* Defence for Children International – Palestine Section (DCI-Palestine) is a national section of the international non-governmental child rights organisation and movement, Defence for Children International (DCI), established in 1979, with consultative status with ECOSOC. DCI-Palestine was established in 1992, and is dedicated to promoting and protecting the rights of Palestinian children in accordance with the United Nations Convention on the Rights of the Child (CRC), as well as other international, regional and local standards. As part of its ongoing work to uphold the rights of Palestinian children, DCI-Palestine provides free legal assistance, collects evidence, researches and drafts reports and conducts general advocacy targeting various duty bearers.

Thanks to Sabbah for this

MOHAMMED OMER; ONE YEAR AND COUNTING

Mohammed Omer (photo by Norsk Folkehjelp)

A Journalist Beaten — One Year Later

by Mohammed Omer Released: 26 Jun 2009

June 26, 2008 is a day I will never forget. For the events of that day irrevocably changed my life. That day I was detained, interrogated, strip searched, and tortured while attempting to return home from a European speaking tour, which culminated in independent American journalist Dahr Jamil and I sharing the Martha Gellhorn Journalism Prize in London — an award given to journalists who expose propaganda which often masks egregious human rights abuses.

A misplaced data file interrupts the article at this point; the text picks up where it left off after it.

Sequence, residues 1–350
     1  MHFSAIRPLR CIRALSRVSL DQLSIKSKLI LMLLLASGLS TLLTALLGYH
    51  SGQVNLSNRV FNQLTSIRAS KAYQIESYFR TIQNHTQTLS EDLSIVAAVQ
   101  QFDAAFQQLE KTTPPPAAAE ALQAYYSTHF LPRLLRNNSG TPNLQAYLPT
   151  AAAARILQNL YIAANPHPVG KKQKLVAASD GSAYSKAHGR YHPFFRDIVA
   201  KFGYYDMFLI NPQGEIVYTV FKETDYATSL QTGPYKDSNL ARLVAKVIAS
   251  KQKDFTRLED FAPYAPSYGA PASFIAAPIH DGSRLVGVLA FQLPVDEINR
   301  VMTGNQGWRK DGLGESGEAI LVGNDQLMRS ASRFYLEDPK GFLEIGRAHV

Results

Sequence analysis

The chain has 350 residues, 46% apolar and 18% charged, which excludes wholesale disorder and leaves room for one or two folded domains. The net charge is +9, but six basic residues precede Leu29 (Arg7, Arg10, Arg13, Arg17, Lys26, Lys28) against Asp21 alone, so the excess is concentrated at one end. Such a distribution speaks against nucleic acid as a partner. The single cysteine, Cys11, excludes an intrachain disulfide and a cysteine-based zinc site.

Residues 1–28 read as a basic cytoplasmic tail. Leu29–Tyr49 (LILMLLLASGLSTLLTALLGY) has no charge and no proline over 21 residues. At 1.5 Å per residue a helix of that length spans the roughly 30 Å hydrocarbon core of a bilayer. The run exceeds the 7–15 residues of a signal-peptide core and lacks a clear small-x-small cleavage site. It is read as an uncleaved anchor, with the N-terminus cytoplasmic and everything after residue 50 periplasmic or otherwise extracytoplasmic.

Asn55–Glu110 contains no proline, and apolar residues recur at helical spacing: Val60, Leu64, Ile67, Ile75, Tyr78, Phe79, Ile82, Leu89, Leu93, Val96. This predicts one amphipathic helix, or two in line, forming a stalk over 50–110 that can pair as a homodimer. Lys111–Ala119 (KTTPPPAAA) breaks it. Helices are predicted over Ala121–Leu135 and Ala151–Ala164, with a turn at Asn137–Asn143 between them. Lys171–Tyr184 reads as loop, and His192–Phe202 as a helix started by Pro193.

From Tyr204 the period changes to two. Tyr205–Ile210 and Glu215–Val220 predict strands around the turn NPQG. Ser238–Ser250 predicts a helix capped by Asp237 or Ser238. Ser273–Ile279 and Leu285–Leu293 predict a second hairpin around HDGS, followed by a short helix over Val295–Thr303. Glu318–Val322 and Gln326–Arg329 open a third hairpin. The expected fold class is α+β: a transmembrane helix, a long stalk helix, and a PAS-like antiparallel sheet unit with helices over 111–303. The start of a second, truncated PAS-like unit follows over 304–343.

I want to address the denials from Israel and the inaccurate reporting by a few journalists in addition to requesting state of Israel to acknowledge what it did to me, prosecute the members of the Shin Bet responsible for it and put in place procedures that protect other journalists from such treatment.

Since 2003, I’ve been the voice to the voiceless in the besieged Gaza Strip for a number of publications and news programs ranging from The Washington Report on Middle East Affairs to the BBC and, Morgenbladet in Norway as well as Democracy Now! These stories exposed a carefully-crafted fiction continuing control and exploitation of five-million people. Their impact, coupled with the reporting of others served to change public opinion in the United States and Europe concerning the dynamics of Israel and its occupation of Palestine .